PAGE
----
§ VISCOUNT PALMERSTON
I have to make an appeal to my hon. Friend the Member for Brighton (Mr. Coningham). I understand that he has given notice of his intention to call attention to the circumstances connected with the transaction which was the subject of a discussion the 863 other evening, in which Colonel Crawley was concerned. My noble Friend the Under Secretary for War, in the course of his statement the other night, said there were circumstances still under consideration connected with Colonel Crawley's conduct which might lead to subsequent measures. His Royal Highness the Commander-in-Chief has determined that there are circumstances connected with the case which will render it justifiable and require that the conduct of Colonel Crawley shall be submitted to a court martial. That being the case, and judicial proceedings being determined upon, I would submit to my hon. Friend whether it would not be better that no discussion should take place upon the subject, which, by eliciting opinions favourable or adverse to the person implicated, might in some degree tend to interfere with the course of justice in regard to the case.
§ MR. CONINGHAM
said, he should have great pleasure in acceding to the request of the noble Lord, but that he thought the case of Sergeant Major Lilley was merely part of a larger question which involved the court-martial held on Paymaster Smales at Mhow. It was only that very day that he had received many of the documents connected with that proceeding, and he must observe, that while the noble Lord the Under Secretary for War had the other evening expressed his regret that he could not deliver up to the House a victim, he was unwilling, having made himself acquainted with the details given in these papers, to rest satisfied with simply being presented with a scapegoat. In his opinion, it was not Colonel Crawley only who was compromised in the matter. Two general officers in India, the Commander-in-Chief in India, as well as the Commander-in-Chief of the British army and other officials at the Horse Guards, were also deeply and gravely implicated. Was it not monstrous, he would ask, that Paymaster Smales of the 6th Dragoons, for writing what was characterized as an insubordinate letter—the insubordination of which was, he must confess, to him by no means so patent as had been stated—should have been sent before a court-martial in the manner in which he had been, without any previous investigation, and the witnesses actually impounded who were in readiness to support his case? Why, the whole proceeding was perfectly disgraceful.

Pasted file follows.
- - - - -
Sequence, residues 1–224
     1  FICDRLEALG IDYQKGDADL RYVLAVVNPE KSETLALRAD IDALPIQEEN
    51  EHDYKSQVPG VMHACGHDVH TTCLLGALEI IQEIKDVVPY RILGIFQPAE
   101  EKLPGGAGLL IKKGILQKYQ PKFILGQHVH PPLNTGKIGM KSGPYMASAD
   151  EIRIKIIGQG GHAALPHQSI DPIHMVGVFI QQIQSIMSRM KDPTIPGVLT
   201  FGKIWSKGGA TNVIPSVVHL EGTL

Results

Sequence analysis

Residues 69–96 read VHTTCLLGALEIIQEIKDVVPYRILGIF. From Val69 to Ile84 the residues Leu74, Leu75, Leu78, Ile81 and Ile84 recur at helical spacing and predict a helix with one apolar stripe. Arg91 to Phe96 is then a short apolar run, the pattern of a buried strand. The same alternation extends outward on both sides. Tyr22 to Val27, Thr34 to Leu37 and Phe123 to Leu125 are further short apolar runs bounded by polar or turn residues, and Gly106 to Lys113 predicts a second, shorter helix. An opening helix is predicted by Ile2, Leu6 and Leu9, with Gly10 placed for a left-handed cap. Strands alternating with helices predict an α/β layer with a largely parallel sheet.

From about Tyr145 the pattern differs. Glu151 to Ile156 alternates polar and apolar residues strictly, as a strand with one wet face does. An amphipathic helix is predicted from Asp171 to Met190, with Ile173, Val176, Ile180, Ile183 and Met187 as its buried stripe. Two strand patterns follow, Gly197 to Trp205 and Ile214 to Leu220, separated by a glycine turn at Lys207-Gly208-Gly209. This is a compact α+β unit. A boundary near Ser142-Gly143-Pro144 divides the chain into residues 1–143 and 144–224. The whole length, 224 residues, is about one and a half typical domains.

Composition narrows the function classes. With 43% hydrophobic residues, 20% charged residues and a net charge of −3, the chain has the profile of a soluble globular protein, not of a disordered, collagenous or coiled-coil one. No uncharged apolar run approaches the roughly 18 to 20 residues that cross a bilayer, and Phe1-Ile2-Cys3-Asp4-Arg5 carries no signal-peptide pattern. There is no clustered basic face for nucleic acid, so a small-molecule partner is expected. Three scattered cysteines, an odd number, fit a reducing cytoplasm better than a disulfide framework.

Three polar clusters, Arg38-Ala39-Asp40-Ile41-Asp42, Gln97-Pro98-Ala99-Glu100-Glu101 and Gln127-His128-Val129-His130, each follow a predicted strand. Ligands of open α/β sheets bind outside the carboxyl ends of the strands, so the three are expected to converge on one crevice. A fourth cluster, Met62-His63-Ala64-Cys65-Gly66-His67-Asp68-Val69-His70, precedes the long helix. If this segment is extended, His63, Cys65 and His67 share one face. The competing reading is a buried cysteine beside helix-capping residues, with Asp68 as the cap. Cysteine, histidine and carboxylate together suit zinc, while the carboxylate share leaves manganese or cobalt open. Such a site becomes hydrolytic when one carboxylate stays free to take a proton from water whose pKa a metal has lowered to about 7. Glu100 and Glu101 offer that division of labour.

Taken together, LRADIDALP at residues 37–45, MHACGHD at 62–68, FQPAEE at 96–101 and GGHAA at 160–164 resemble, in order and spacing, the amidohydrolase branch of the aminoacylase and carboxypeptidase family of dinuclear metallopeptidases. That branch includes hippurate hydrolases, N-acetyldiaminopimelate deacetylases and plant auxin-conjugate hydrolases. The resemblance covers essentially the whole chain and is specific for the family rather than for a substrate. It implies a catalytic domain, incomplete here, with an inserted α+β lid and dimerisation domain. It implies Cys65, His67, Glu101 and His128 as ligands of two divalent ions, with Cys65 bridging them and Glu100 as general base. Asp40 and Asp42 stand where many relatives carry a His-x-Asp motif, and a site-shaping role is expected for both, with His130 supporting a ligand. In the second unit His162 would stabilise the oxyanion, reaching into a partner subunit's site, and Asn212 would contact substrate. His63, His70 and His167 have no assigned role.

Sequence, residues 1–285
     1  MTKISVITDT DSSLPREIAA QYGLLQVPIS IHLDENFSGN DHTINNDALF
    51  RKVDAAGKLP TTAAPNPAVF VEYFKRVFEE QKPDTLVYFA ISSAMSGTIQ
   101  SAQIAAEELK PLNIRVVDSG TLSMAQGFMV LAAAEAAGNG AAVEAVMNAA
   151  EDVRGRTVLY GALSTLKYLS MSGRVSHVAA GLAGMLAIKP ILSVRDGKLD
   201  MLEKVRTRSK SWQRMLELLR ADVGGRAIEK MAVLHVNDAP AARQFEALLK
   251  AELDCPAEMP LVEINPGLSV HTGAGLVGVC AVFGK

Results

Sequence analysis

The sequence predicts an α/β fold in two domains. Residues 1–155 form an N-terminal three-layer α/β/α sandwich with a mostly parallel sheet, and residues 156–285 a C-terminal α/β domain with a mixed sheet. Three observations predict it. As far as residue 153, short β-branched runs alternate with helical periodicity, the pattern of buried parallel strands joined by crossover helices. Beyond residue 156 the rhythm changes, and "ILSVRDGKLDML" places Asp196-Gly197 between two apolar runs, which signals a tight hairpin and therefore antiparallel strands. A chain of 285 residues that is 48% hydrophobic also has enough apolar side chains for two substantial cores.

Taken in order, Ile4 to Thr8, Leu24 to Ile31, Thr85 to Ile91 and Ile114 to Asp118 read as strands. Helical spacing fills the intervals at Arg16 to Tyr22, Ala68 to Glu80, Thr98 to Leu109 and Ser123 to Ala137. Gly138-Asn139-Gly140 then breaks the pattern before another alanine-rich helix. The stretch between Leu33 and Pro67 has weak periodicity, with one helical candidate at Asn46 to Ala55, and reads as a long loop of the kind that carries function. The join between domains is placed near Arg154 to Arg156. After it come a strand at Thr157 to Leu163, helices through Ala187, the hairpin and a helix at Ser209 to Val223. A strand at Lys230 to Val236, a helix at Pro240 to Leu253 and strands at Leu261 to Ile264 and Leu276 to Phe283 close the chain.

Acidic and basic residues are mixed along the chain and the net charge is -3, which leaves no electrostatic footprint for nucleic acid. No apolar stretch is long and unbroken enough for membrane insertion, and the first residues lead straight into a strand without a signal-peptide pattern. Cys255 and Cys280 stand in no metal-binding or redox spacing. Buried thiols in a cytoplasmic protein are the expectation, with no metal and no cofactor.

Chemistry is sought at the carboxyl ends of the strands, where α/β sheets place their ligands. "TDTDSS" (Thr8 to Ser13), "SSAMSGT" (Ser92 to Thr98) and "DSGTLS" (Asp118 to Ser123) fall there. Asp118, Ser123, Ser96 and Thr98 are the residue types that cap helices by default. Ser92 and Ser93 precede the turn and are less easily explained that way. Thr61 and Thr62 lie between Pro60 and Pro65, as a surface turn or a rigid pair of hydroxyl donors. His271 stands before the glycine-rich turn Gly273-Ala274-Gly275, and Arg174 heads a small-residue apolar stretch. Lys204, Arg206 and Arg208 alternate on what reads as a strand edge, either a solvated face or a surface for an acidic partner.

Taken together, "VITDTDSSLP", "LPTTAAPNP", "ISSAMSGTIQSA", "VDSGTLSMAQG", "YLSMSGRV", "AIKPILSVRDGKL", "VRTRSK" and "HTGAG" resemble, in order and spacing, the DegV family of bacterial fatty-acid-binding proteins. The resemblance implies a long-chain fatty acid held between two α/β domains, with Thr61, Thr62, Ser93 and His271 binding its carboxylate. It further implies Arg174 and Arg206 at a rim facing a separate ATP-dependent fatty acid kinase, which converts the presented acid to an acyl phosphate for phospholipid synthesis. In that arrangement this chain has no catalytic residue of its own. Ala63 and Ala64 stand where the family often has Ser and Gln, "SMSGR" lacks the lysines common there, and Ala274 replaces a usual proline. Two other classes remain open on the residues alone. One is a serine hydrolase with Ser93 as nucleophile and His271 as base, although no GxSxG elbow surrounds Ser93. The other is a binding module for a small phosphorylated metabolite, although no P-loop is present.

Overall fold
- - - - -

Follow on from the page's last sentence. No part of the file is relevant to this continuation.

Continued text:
said, he rose to order. 864 The hon. Gentleman had simply given notice of his intention to bring under the consideration of the House the case of Sergeant Major Lilley, and under those circumstances it was not open to him to discuss the case of the court martial held on Paymaster Smales, with reference to which he had no given no notice, and of the proceedings of which the House had no record.
§ SIR PATRICK O'BRIEN
said, in his opinion, his hon. Friend was not out of order in adopting the course which he had taken. The real question at issue was whether Sir Hugh Rose was to be supported by the Horse Guards or not.
§ MR. SPEAKER
said, he could not support the call to order which had just been made. He thought there was nothing in the language of the hon. Member for Brighton contrary to the rules of the House.
§ MR. CONINGHAM